Church Sweet Home becomes a book

I started this blog because I’m writer. Having already written three books and thousands of blog posts, I sensed I had a great story, no matter how it turned out, and it needed to be documented.

Without knowing how it would end, I chose the unconventional approach of a real-time-memoir with the intention of turning my blog posts into a book. I’ve spent months polishing my prose and having it professionally edited, and finally, the launch day for the book Church Sweet Home: A Renovation to Warm the Soul is coming soon. Mark your calendar: May 5.

CSH Book Front Cover OnlyIf you’re here, reading this blog post, you’ve probably read most of the story and you sort of understand it all ends well. I have hundreds of loyal readers who cheered us on through months of dirty demolition and construction, and I am so grateful for the moral support you offered with nice comments and Facebook likes on so many nights we were exhausted and feeling sorry for ourselves. You helped pull us through.

You might be asking, why would I read this book if I followed the blog? Well, here are five reasons you might enjoy the book as much as you liked the blog:

  1. The book has an all-new prologue about abandoned churches.
  2. The story has a proper heart-warming ending.
  3. All the those annoying “our story so far” and “tomorrow” teasers are gone.
  4. You’ll find out how the real budget compares to the Tequila Budget.
  5. If you’re technically challenged or just too impatient to click through all the blog posts, you can page through the story easily and at your own pace.

I suppose you might know some people who would enjoy the story but aren’t blog readers. Voilà, a book is a nice gift for your friend.

So stay tuned for all the information you need to get yourself a paperback or ebook of Church Sweet Home in May.

In the meantime, I’ll continue to share updates about the renovation. I have a few in the archive, and we still have projects ahead of us.

Again, thanks for reading.

 

Shake that booty

As I pondered news to share here about progress we’ve made on the church, I realized I never shared before-and-after photos of the west side of the church.

This area of the old Methodist church received a lot of attention last summer when we sided the garage and finished repairs to the belfry.

Here’s how it looked “before” when that functional-but-less-than-pretty fire escape was still attached:

fire escape after new windows
This picture was taken after we replaced the windows. 

Note the distinctive architectural feature between the first- and second-story windows. After finding the original wooden shakes on the fluted portion of the belfry, Tyler suspected wooden shakes were also hidden beneath that aluminum siding on the west side. So he had You-Can-Call-Me-Al remove the siding, and behold, the original shakes.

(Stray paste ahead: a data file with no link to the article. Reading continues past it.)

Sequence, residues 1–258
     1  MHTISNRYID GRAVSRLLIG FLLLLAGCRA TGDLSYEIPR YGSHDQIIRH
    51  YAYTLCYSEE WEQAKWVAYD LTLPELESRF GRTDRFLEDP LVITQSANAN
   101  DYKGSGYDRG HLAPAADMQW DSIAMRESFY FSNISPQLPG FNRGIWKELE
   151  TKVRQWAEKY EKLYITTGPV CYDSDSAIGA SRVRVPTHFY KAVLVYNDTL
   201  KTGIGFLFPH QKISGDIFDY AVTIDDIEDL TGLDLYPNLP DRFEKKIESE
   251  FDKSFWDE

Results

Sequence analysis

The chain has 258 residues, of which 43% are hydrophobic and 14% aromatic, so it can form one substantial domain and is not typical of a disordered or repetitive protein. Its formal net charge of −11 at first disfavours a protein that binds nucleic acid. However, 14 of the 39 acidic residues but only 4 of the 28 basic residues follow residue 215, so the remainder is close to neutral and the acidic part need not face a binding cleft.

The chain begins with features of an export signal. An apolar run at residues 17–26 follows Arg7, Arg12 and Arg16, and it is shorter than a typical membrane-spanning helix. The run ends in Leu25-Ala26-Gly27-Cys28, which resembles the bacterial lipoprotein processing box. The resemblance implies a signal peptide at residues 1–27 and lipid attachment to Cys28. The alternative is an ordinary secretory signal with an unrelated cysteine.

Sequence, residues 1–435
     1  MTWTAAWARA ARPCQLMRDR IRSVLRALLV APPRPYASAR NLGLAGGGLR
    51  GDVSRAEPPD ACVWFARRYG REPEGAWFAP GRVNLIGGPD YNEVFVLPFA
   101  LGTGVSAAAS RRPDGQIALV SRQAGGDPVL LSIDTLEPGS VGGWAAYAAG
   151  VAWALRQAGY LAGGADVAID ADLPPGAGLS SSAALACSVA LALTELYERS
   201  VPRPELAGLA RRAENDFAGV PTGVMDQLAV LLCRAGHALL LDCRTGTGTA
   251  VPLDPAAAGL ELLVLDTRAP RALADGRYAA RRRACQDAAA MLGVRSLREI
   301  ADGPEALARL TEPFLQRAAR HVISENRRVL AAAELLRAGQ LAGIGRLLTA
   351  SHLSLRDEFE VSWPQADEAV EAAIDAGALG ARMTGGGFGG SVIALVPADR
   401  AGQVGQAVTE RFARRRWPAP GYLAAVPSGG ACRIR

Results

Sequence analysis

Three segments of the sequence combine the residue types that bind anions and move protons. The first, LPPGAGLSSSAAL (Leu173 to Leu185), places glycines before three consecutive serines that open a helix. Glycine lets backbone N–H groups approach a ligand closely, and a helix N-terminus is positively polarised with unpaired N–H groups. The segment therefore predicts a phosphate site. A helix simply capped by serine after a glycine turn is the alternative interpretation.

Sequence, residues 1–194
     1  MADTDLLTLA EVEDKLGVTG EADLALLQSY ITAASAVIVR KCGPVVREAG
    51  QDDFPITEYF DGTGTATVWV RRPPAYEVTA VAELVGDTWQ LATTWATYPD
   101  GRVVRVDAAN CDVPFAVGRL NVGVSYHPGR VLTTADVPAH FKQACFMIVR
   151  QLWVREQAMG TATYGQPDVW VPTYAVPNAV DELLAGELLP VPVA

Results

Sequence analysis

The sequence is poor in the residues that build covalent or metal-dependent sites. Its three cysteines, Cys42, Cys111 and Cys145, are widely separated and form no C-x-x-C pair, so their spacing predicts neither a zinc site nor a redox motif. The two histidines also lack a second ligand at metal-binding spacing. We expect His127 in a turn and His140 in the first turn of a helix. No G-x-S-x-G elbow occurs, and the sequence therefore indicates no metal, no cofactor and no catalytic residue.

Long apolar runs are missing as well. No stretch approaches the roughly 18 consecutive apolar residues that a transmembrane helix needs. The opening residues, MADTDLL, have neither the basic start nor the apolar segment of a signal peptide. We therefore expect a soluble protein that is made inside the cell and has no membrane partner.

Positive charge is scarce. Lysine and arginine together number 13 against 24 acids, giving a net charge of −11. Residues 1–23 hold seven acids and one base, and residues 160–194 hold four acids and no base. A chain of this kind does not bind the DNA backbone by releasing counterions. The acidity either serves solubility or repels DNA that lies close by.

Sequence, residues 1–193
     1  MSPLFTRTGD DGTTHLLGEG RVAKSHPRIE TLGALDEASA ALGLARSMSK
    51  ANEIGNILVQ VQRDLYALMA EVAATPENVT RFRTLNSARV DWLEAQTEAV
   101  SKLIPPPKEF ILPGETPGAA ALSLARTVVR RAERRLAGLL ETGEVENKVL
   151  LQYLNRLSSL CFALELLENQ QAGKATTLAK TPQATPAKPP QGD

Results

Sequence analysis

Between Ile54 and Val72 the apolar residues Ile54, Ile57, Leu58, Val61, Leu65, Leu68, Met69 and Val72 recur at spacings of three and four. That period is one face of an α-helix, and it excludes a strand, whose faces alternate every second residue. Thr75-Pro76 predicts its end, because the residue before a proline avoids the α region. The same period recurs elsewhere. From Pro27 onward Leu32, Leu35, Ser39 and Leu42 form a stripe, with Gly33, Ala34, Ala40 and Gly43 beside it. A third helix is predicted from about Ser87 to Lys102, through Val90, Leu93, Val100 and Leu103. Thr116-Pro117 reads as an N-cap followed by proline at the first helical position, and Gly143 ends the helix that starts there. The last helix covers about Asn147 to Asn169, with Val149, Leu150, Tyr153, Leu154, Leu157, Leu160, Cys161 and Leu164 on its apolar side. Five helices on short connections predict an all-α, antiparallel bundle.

west side revealed
Removing the aluminum siding revealed wooden shakes in the peak and between the windows.

The wood shakes were in pretty good condition, and we wondered why on earth they were ever concealed. They desperately needed paint. You-Can-Call-Me-Al replaced about 20 of them. Tyler rented an articulating boom to make the belfry repairs, and You-Can-Call-Me-Al also used it to fix and paint the west side.

west wide articulating boom
Useful tool, that articulating boom.

You-Can-Call-Me-Al painted the wooden shakes a similar color gray that we painted the stone foundation. Those century-old shakes soaked up the latex.

west wide after
A few pieces of white siding are missing on either side of the center fluted area in this picture (let’s be honest, in reality, too). Still, a huge improvement.

The west side turned out so well, we decided to copy the fluted peak and shakes on the new-construction garage, too.

west side garage match
Note the fluted peak of the garage. These shakes are a man-made substance manufacturered in rows, not individual wooden shakes like on the west side.

If you look carefully at the belfry, you’ll see the new spire. I’ll share more about the installation of that spire in a future post.

# # #

CSH Book Front Cover OnlyIf you enjoy renovation stories or more specifically, this renovation story, mark your calendar. The book version of this blog, Church Sweet Home: A Renovation to Warm the Soul, will be available May 5. Stay tuned for details.

Panoramic view

One of the first things I sketched when we put an offer in on the church we were buying to turn into our home was a furniture layout of the sanctuary we were making over into our great room.

Oh, I had grand plans for two sectionals, a big table vase in the entryway and a dining room table for 10.

During demolition, we decided to build a balcony over part of the sanctuary and tuck our kitchen under it. This ate into the square footage and my plans for two sectionals.

Well, who needs two sectionals anyway? We had plenty of room for entertaining. Here’s a sketch I made at some point after we established the balcony plans.

Floorplan

This is the definition of a “loose sketch.” That round thing in the upper left is the spiral stairway with the balcony defined in a dotted line along the left side. The fireplace is there along the north wall (top) and there’s a doorway to the patio in the upper right corner (that never happened). Those rectangle shapes along the wall are windows. You can see the dining room table for 10 on the bottom right, the beverage bar on the bottom left and a kitchen island on the left. The sectional is right in front of the fireplace, with a conversation area for two behind it.

The real furniture layout turned out quite similar to the plans. Besides losing the patio doorway, my dining room table seats only eight (we can get 10 in a pinch though) and we added a big china cabinet. The way we situated the kitchen island (and added a recliner for Tyler to the mix) demanded we set the sectional askew.